AB - A combination of electrocoagulation with other methods seems to have garnered much attention in the research area for the past decade to eliminate heavy metal ions from the synthetic and real wastewater effluents. Combining two various methods into a single system appears to be an efficient and promising approach for heavy metal removal, mainly due to their cost-effectiveness, simple operation and suitability for industrial applications. Solar photovoltaic systems have gained much attention because they make use of clean, renewable energy and make the treatment method cost-effective. In this regard, it is imperative to explore the potential of solar photovoltaic systems to remove heavy metals. A response surface methodology based on the central composite design (CCD) was employed to examine the effects of three independent variables such as pH, initial Pb(II) concentration and adsorbent dosage. The results indicated that the highest Pb(II) removal efficiency up to 99.88% can be achieved using the CCD model with the following optimum conditions: (1) pH: 6.01, (2) initial Pb(II) concentration: 15.00 mg/L and (3) adsorbent dosage: 2.50 g/L. Based on the results, the combined system offered an attractive alternative over the single electrocoagulation and adsorption treatment systems as it can produce high Pb(II) removal efficiency.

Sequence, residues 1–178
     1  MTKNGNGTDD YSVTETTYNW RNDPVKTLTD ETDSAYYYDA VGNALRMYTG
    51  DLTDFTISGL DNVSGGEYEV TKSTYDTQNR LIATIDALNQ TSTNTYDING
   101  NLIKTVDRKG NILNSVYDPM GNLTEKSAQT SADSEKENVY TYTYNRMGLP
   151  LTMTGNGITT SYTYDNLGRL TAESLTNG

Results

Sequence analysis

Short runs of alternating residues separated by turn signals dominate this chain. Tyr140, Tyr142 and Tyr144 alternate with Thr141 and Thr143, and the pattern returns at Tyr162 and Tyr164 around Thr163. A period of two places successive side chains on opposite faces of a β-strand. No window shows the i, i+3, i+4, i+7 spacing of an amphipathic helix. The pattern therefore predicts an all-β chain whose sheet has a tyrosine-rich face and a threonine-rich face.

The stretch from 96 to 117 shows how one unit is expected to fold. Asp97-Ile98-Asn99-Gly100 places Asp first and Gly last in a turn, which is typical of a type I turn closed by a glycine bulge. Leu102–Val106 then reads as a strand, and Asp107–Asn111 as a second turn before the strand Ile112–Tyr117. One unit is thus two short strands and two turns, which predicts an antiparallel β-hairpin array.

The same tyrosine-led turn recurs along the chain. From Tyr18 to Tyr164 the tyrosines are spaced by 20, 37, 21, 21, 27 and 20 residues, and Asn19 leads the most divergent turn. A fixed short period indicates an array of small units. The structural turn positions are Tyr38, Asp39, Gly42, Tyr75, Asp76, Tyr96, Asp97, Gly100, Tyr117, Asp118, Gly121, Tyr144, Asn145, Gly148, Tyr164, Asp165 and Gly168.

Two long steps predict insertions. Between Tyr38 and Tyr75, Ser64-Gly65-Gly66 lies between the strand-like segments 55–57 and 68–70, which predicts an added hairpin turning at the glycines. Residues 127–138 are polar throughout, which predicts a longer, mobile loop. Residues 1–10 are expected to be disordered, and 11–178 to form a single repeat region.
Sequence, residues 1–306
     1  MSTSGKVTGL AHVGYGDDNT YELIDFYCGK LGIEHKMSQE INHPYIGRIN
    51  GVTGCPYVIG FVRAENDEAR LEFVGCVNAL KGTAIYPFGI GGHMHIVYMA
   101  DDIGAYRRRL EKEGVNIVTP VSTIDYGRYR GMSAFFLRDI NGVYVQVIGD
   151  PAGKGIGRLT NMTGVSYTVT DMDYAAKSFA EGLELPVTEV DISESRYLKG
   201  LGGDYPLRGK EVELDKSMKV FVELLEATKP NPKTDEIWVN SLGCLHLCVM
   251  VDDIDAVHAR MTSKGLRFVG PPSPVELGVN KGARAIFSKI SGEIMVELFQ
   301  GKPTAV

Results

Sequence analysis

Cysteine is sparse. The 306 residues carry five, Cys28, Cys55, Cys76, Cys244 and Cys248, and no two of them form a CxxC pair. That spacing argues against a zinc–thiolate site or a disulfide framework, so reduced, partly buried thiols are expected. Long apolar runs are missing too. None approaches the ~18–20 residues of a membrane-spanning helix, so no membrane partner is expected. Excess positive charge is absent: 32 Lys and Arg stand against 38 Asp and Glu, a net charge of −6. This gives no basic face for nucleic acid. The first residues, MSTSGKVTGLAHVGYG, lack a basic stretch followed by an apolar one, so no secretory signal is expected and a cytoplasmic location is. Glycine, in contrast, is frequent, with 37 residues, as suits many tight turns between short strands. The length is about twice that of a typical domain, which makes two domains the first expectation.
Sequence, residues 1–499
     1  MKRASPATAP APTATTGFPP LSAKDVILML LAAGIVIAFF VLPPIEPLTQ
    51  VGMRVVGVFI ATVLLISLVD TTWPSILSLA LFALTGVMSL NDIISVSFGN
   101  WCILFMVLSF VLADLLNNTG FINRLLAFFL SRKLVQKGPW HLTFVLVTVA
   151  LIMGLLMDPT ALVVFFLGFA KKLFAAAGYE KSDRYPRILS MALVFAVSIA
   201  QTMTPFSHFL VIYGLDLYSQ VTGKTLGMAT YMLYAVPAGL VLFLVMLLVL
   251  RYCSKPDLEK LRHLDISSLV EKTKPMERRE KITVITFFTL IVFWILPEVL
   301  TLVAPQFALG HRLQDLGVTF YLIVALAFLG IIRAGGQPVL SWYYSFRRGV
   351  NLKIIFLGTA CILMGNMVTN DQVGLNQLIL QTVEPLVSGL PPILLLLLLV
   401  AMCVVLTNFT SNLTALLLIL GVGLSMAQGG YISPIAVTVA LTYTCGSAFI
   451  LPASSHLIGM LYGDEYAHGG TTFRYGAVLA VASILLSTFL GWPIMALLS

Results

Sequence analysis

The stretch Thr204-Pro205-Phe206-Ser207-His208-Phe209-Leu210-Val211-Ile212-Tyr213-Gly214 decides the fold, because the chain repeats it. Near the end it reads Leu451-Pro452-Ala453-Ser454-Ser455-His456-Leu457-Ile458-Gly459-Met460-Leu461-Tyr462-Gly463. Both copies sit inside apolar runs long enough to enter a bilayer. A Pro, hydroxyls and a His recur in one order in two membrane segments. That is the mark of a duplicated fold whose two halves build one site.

KW - Adsorption

KW - Central composite design

KW - Combined treatment

KW - Electrocoagulation

KW - Response surface methodology

KW - Coagulation

KW - Cost effectiveness

KW - Effluents

KW - Heavy metals

KW - Metal ions

KW - Photovoltaic cells

KW - Solar concentrators

KW - Solar power generation

KW - Surface properties

KW - Central composite designs

KW - Electro coagulations

KW - Heavy metal removal

KW - Independent variables

KW - Renewable energies

KW - Solar photovoltaic system

KW - Lead compounds

U2 - 10.1016/j.cep.2019.107619

DO - 10.1016/j.cep.2019.107619

M3 - Journal article

VL - 143

JO - Chemical Engineering and Processing: Process Intensification

JF - Chemical Engineering and Processing: Process Intensification

SN - 0255-2701

M1 - 107619

ER -